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decided: March 20, 1968.


Appeal from decree of Court of Common Pleas of Philadelphia County, June T., 1966, No. 1777, in case of Carl E. Smith v. Safeguard Mutual Insurance Company.


Arlin M. Adams, with him William T. Hangley, and Schnader, Harrison, Segal & Lewis, for appellant.

Arnold Levin, with him Freedman, Borowsky & Lorry, for appellee.

Watkins, Montgomery, Jacobs, Hoffman, and Spaulding, JJ. (Ervin, P. J., and Wright, J., absent). Opinion by Jacobs, J.

Author: Jacobs

[ 212 Pa. Super. Page 84]

The appellee claimed damages under the uninsured motorist provision of an insurance policy issued by the appellant. As the parties were unable to agree on the amount of damages, the dispute was submitted to arbitration pursuant to the following standard provision in the policy:

[ 212 Pa. Super. Page 85]

"8. Arbitration: If any person making claim hereunder and the company do not agree that such person is legally entitled to recover damages from the owner or operator of an uninsured automobile because of bodily injury to the insured, or do not agree as to the amount of payment which may be owing under this endorsement, then, upon written demand of either, the matter or matters upon which such person and the company do not agree shall be settled by arbitration in accordance with the rules of the American Arbitration Association, and judgment upon the award rendered by the arbitrators may be entered in any court having jurisdiction thereof. Such person and the company each agree to consider itself bound and to be bound by any award made by the arbitrators pursuant to this endorsement." (Emphasis added.)

An award was made in appellee's favor and appellee's attorney filed a praecipe for judgment on the award with the prothonotary who entered judgment. Appellant moved to strike the judgment on the basis that the entry of judgment was beyond the authority of the prothonotary. The court below refused the motion to strike. We reverse.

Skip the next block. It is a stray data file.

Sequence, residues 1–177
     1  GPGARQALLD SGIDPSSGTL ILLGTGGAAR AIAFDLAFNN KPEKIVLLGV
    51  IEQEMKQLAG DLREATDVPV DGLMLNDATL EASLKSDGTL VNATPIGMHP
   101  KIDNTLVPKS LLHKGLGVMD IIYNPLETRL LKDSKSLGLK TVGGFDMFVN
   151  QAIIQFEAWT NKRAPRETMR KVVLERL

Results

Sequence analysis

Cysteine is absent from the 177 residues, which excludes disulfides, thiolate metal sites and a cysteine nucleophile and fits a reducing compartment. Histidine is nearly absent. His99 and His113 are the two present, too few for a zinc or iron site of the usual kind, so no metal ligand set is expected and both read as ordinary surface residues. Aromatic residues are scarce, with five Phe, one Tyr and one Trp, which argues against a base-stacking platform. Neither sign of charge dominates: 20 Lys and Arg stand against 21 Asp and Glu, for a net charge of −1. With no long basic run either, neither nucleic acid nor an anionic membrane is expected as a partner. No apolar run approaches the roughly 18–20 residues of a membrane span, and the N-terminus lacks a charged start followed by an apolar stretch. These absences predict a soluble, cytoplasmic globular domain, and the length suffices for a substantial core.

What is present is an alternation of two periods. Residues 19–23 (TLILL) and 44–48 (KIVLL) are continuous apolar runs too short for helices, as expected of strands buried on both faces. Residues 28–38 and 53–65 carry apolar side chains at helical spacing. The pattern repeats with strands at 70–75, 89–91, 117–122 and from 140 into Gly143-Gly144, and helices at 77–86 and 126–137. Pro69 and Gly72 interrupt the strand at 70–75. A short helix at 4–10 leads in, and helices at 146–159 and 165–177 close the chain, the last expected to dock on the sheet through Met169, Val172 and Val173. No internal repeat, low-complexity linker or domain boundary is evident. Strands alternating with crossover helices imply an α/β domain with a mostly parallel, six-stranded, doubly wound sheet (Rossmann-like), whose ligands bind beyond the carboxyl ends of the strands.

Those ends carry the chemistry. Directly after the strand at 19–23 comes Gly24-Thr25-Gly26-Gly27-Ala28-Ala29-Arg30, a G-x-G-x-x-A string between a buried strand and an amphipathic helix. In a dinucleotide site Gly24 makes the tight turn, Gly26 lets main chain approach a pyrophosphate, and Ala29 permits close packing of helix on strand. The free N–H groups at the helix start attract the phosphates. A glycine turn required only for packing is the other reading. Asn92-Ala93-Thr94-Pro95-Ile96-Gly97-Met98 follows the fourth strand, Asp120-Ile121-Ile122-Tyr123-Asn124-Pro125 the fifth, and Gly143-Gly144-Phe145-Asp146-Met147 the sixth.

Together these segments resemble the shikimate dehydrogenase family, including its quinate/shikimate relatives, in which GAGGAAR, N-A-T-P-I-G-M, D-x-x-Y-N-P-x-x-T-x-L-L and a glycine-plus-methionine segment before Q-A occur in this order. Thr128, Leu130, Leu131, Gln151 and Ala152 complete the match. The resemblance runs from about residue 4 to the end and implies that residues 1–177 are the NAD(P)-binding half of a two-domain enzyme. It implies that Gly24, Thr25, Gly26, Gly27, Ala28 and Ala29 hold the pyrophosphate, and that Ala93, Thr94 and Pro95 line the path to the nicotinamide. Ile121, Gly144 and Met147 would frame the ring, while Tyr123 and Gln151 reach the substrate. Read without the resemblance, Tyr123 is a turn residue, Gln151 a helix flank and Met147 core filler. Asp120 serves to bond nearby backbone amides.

If this arbitration were controlled by statute, judgment could not be entered on the arbitration award without confirmation by the court. Three statutes in Pennsylvania cover voluntary arbitration and all require court confirmation before judgment may be entered: (1) the Act of January 12, 1705, 1 Sm. L. 49, 5 P.S. § 8; (2) the Act of June 16, 1836, P. L. 715, 5 P.S. §§ 1-7; (3) the Act of April 25, 1927, P. L. 381, 5 P.S. § 161 et seq. It has been held that the provisions of the first two statutes are not applicable unless referred to in the agreement to arbitrate. Gallup v. Reynolds, 8 Watts 424(1839); Wall's Administrators v. Fife, 37 Pa. 394 (1861). No reference appears in the above quoted arbitration agreement, and therefore, neither

[ 212 Pa. Super. Page 86]

    statute is applicable. In J. A. Robbins Co., Inc. v. Airportels, Inc., 418 Pa. 257, 210 A.2d 896(1965), it was held that the parties may provide in their agreement to arbitrate, either that the common law or the Act of 1927 shall apply and "that when the agreement to arbitrate is not by itself determinative of the issue then common law rules regulate the enforcement of the agreement and the award, unless, subsequent to the agreement, the parties, expressly or by implication, further agree that the Act of 1927 shall govern." 418 Pa. at 261, 210 A.2d at 898. Here since the agreement is not determinative and there is no evidence that the parties subsequently agreed to apply the Act of 1927, common law rules control the enforcement of this award.

Appellant argues that the only way a common law arbitration award can be enforced is by an action at law. With this we disagree. Wall's Administrators v. Fife, supra, and Shure v. Goodimate Co., Inc., 302 Pa. 457, 153 A. 757(1931), clearly affirm the principle that the parties may effectively provide, in their agreement to arbitrate, authority for entering judgment on the award. In Wall's Administrators the agreement provided that judgment should be entered on the award "by the prothonotary", and in Shure the agreement contained a warrant of attorney to appear for defendant and confess judgment. Those cases do not control this case because neither a warrant of attorney nor a direction to the prothonotary is present here. We must determine whether the language of this arbitration provision is sufficient to support entry of this judgment on authority of any other cases or statutes.